Foreign investments acquire 100 million euro portfolio from Spanish bad bank

H.I.G. Capital Announces the Acquisition of the First Property Portfolio Sale by Sareb
• The transaction values the portfolio at €100m.
• The portfolio comprises close to one thousand homes, primarily located in the community of Valencia, Andalusia, Murcia, the Canary Islands and Madrid.

Brussels gives go ahead to Spanish banks restructuring

The European Commission has approved the Spanish government’s plans to restructure four troubled banks.

Bankia, Banco de Valencia, NCG and Catalunya Banc were nationalised after experiencing heavy losses on loans to homebuyers and property developers. More..

Spanish banks suspend evictions

The Association of Spanish Banks (AEB) has this week issued a temporary freeze on all evictions of “vulnerable homeowners,” following protests after a woman killed herself on Friday moments before she was going to be evicted. It was the second suicide of a struggling mortgage holder in the last three weeks. More..

Expat takes on Danske bank over supposedly fraudulent scheme

Tempted by the offer of a salary for life and an inheritance tax reduction for his two daughters, Euan Armstrong, 73, signed up to an equity release plan in 2004 with Denmark’s biggest bank using his €2 million home in Spain as collateral.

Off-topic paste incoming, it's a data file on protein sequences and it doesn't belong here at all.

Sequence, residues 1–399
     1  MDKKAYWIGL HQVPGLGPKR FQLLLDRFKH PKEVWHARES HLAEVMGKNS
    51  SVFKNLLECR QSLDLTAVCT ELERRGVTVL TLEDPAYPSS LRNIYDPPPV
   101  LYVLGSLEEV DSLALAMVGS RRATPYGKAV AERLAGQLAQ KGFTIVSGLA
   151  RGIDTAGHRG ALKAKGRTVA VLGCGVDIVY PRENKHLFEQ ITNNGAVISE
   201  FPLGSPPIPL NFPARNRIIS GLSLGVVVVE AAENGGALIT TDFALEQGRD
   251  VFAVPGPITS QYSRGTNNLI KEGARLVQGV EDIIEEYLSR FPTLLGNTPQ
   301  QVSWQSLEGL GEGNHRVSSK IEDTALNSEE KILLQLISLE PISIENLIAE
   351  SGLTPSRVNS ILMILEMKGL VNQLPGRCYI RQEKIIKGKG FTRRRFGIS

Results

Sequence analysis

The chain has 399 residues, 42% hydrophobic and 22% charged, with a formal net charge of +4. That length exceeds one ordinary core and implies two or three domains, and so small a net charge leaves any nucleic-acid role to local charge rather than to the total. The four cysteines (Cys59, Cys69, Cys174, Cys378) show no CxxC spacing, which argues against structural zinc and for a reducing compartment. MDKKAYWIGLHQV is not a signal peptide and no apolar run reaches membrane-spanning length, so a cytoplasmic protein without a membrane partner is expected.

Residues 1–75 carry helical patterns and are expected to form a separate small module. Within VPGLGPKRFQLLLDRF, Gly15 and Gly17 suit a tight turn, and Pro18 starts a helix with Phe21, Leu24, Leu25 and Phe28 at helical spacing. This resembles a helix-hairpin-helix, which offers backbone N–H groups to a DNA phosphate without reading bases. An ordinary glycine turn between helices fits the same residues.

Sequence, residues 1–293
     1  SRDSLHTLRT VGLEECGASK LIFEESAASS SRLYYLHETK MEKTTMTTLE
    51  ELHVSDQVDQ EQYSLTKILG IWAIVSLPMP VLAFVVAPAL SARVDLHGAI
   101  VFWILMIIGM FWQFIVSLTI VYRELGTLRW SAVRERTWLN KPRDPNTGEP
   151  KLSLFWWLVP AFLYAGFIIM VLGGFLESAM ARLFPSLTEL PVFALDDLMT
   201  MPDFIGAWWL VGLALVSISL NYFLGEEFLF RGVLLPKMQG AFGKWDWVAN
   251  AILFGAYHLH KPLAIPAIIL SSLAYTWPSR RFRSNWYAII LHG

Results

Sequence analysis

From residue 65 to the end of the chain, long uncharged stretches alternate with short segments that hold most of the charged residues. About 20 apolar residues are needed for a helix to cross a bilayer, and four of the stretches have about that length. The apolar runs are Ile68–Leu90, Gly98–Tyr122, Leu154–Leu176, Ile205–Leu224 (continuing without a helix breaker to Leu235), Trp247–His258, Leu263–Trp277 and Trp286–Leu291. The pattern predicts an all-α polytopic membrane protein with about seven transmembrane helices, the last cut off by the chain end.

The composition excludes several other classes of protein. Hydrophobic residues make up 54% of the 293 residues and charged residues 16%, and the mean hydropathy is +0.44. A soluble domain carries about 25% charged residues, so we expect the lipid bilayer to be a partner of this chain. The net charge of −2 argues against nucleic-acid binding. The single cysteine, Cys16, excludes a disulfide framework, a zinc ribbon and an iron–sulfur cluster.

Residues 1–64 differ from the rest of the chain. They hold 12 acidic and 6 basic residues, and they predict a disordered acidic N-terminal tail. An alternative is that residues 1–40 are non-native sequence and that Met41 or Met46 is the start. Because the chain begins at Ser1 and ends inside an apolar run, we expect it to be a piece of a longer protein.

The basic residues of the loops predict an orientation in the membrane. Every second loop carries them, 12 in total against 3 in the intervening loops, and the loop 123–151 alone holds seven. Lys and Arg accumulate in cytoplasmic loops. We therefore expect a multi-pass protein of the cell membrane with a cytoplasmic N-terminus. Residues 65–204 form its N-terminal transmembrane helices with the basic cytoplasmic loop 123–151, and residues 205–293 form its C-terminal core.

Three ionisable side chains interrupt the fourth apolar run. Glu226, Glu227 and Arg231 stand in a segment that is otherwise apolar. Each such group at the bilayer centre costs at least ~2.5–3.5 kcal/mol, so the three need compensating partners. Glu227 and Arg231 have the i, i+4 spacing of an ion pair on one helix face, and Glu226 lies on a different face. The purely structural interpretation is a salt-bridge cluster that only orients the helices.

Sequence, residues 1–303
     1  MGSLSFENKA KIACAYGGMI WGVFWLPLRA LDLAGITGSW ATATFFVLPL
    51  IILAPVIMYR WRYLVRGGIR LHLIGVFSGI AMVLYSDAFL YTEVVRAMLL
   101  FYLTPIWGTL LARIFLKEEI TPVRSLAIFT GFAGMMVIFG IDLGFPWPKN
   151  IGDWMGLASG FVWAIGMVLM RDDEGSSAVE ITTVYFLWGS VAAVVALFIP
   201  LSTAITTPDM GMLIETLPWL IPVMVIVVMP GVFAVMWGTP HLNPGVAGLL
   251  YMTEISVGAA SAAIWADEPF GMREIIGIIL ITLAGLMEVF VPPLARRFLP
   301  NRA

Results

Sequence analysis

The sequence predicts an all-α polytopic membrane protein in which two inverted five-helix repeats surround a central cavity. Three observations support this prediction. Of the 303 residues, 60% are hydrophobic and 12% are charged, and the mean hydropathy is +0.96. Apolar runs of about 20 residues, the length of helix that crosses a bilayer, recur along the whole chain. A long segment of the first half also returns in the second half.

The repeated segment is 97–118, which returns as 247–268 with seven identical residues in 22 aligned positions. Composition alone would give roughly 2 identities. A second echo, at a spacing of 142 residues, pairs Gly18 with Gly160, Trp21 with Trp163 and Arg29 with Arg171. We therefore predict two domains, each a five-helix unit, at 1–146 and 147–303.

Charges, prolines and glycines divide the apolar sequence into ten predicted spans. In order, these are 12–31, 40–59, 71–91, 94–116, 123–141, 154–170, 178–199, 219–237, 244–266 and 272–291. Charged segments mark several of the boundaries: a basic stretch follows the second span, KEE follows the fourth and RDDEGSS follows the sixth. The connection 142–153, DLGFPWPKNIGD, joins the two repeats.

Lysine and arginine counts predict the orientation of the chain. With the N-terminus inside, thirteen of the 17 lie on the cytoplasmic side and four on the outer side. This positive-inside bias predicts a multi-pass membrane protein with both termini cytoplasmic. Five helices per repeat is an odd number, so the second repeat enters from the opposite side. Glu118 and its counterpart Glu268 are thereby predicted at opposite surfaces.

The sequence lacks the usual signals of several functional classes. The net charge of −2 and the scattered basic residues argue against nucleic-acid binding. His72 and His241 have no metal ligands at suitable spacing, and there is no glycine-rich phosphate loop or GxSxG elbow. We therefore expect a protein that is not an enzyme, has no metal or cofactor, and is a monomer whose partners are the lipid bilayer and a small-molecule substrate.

Six years on, Mr Armstrong is forced to live with one of his daughters as he prepares to take on the bank that promised so much yet threatens to leave him penniless.


Land has gone from being the safest of bets to the riskiest

HOW bad Europe’s debt crisis gets depends largely on Spain, which would be much harder to rescue than smaller economies like Greece. How bad things get in Spain depends largely on the banks, which are already trying to find an additional €15 billion ($21.1 billion) to meet new capital requirements imposed by the government. And how bad things get for Spanish banks depends largely on the country’s unfolding property bust. Nestling at the heart of these worries is land.

Recovery in the sale of new build property